Athens, Ga. – Two reporters taken captive by North Korea during a reporting trip on human trafficking will be honored by the University of Georgia for journalistic courage. Laura Ling and Euna Lee will receive the McGill Medal for Journalistic Courage on April 20, in the Grady College for Journalism and Mass Communication.
“These women showed extreme courage and tenacity,” wrote Florida A&M University journalism professor Valerie D. White in one nomination. “They were the epitome of grace and courage and an inspiration for journalists around the world,” wrote Cleveland Plain Dealer reporter Janet H. Cho in another.
Ling and Lee had traveled to China to document the trafficking of North Korean women in China for Current TV. On March 17, 2009, they were detained by North Korean soldiers along the border with China. They were held captive in North Korea for 140 days before being granted a special pardon and returned to the United States.
Ling and Lee were selected from journalists nominated by reporters, editors and academicians from across the U.S. Nominees were to be “working U.S. journalists whose career has exemplified journalistic courage.”
The selection was made by the 2010 class of McGill Fellows, 12 undergraduate and graduate students chosen for academic achievement, practical experience and leadership.
“As soon as they were in custody, the women’s first priority was protecting their sources,” wrote Omar Lewis, the McGill Fellow who researched the nomination. “They ate notes and destroyed videotape as soon as they were able. During daily interrogations, they revealed no names. “
The McGill Medal is named for Ralph McGill, the late editor and publisher of the Atlanta Constitution. McGill was regarded by many as “the conscience of the South” for his editorials challenging racial segregation in the 1950s and 1960s.
“Ralph McGill was a voice for the voiceless and a true exemplar of journalistic courage,” Ling said in a statement. “I am honored and humbled to be receiving a medal named after one of journalism’s greats.”
Today, Ling is the host and reporter on “E! Investigates,” a documentary series on the E! Network, which explores topics such as teen suicide and the challenges faced by military spouses.
Besides her work for Current TV’s Vanguard series that took her to China for the story on human trafficking, Ling has worked as a series producer for Channel One News where she produced reports from around the globe. Ling co-created Breaking it Down, a documentary series on MTV that aired between 1999 and 2001.Her work also has appeared on ABC’s Nightline, NBC, PBS, and the WB.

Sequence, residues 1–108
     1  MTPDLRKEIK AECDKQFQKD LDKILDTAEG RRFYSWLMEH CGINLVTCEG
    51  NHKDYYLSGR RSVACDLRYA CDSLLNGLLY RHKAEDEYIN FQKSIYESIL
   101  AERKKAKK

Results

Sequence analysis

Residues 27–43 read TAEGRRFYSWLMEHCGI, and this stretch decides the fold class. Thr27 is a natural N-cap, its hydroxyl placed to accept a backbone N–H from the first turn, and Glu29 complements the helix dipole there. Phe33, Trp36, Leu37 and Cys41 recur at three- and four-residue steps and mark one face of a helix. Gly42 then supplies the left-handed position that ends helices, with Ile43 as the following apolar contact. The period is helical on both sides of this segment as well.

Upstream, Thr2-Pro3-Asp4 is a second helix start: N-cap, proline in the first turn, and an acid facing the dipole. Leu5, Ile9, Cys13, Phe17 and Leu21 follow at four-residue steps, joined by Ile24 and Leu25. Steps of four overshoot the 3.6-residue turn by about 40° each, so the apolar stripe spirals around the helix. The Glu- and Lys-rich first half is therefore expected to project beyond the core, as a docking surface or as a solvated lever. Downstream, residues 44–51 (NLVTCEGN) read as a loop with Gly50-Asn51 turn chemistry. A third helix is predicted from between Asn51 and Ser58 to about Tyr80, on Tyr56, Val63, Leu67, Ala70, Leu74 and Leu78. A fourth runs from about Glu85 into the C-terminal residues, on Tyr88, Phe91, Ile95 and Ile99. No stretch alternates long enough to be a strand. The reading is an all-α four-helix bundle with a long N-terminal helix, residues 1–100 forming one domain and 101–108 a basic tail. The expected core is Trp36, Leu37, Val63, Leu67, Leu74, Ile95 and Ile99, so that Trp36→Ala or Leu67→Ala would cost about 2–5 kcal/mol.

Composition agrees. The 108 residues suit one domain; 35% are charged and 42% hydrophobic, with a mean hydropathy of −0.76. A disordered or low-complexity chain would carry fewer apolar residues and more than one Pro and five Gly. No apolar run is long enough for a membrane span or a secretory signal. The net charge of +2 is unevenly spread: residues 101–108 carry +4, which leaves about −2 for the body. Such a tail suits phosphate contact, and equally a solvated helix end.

Ling is co-author of Somewhere Inside: One Sister’s Captivity in North Korea and the Other’s Fight to Bring Her Home that she wrote with sister, Lisa. Lee’s book about the North Korea imprisonment,The World is Bigger Now, was published late last year.
“It’s always inspiring to be recognized by my fellow journalists,” said Lee in a statement. “I am truly excited and honored to receive the Ralph McGill award. It’s my privilege to be a part it.”
Lee was born and raised in South Korea, and moved to the U.S. in order to attend film school. She joined Current TV in San Francisco in 2005, and later moved to Los Angeles with her husband, actor Michael Saldate, and daughter, Hana.
The reporting trip to China with Ling was Lee’s first overseas assignment.
The McGill Medal is the latest development in the growth of the McGill program at UGA’s Grady College. For 31 years, the McGill Lecture has brought significant figures in journalism to UGA to help the university honor McGill’s courage as an editor. In 2007, UGA added the McGill Symposium, bringing together students, faculty and leading journalists to consider what journalistic courage means and how it is exemplified by reporters and editors. And, in 2009, the first McGill Medal was awarded to a U.S. journalist whose career exemplified journalistic courage.
“All of this is for a single purpose: to advance journalistic courage,” said John F. Greenman, Carter Professor of Journalism. Greenman and Diane H. Murray, the Grady College’s director of public service and outreach, oversee the McGill program.
The McGill Medal is funded by the McGill Lecture Endowment. Contributors include the Gannett Foundation.
Established in 1915, the UGA Grady College of Journalism and Mass Communication offers undergraduate majors in advertising, digital and broadcast journalism, magazines, newspapers, public relations, publication management and mass media arts. The college offers two graduate degrees, and is home to the Knight Chair in Health and Medical Journalism and the Peabody Awards, internationally recognized as one of the most prestigious prizes for excellence in electronic media. For more information, see www.grady.uga.edu or follow @UGAGrady on Twitter.